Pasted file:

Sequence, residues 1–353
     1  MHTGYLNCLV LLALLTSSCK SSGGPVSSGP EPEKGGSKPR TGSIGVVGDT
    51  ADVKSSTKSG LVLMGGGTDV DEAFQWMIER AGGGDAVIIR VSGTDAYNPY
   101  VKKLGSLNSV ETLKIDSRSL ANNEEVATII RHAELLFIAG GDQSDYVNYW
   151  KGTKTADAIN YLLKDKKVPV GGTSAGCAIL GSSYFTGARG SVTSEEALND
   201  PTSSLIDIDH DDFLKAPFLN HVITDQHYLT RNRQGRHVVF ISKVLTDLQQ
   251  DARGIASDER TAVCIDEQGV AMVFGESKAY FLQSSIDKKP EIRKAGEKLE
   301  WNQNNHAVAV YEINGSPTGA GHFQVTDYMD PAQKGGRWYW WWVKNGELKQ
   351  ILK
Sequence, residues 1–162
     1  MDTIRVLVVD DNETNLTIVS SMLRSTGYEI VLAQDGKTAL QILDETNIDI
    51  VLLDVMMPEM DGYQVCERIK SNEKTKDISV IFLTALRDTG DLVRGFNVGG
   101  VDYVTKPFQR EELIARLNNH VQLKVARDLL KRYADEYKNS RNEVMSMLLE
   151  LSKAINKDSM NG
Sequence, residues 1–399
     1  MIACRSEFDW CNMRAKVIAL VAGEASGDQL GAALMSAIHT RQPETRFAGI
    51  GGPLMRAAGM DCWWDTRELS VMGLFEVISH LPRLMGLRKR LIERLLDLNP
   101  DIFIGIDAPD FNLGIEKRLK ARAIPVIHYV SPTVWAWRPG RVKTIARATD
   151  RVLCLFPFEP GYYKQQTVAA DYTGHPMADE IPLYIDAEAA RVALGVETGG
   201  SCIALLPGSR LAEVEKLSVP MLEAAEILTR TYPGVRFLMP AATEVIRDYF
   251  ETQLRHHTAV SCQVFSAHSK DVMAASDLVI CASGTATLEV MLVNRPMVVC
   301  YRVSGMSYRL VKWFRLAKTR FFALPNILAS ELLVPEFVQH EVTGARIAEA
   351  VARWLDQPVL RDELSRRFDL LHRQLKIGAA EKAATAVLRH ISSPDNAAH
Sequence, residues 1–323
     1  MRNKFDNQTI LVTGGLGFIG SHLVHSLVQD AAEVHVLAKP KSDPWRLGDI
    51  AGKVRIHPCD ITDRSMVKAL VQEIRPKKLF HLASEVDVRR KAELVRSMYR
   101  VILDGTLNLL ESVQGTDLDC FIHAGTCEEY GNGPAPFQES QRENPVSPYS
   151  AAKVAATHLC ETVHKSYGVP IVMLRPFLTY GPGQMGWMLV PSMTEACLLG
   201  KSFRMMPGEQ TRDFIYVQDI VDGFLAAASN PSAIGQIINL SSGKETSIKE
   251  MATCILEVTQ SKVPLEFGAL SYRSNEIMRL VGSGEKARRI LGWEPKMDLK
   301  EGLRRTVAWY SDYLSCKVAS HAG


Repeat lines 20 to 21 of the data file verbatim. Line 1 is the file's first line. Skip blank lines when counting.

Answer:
   201  SCIALLPGSR LAEVEKLSVP MLEAAEILTR TYPGVRFLMP AATEVIRDYF
   251  ETQLRHHTAV SCQVFSAHSK DVMAASDLVI CASGTATLEV MLVNRPMVVC